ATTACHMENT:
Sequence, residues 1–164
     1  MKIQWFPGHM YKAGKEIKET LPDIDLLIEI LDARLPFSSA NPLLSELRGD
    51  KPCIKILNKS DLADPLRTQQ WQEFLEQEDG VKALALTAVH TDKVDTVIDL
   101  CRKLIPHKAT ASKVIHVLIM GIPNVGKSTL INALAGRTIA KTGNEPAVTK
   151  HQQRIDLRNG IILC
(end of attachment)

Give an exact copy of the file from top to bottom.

Sequence, residues 1–164
     1  MKIQWFPGHM YKAGKEIKET LPDIDLLIEI LDARLPFSSA NPLLSELRGD
    51  KPCIKILNKS DLADPLRTQQ WQEFLEQEDG VKALALTAVH TDKVDTVIDL
   101  CRKLIPHKAT ASKVIHVLIM GIPNVGKSTL INALAGRTIA KTGNEPAVTK
   151  HQQRIDLRNG IILC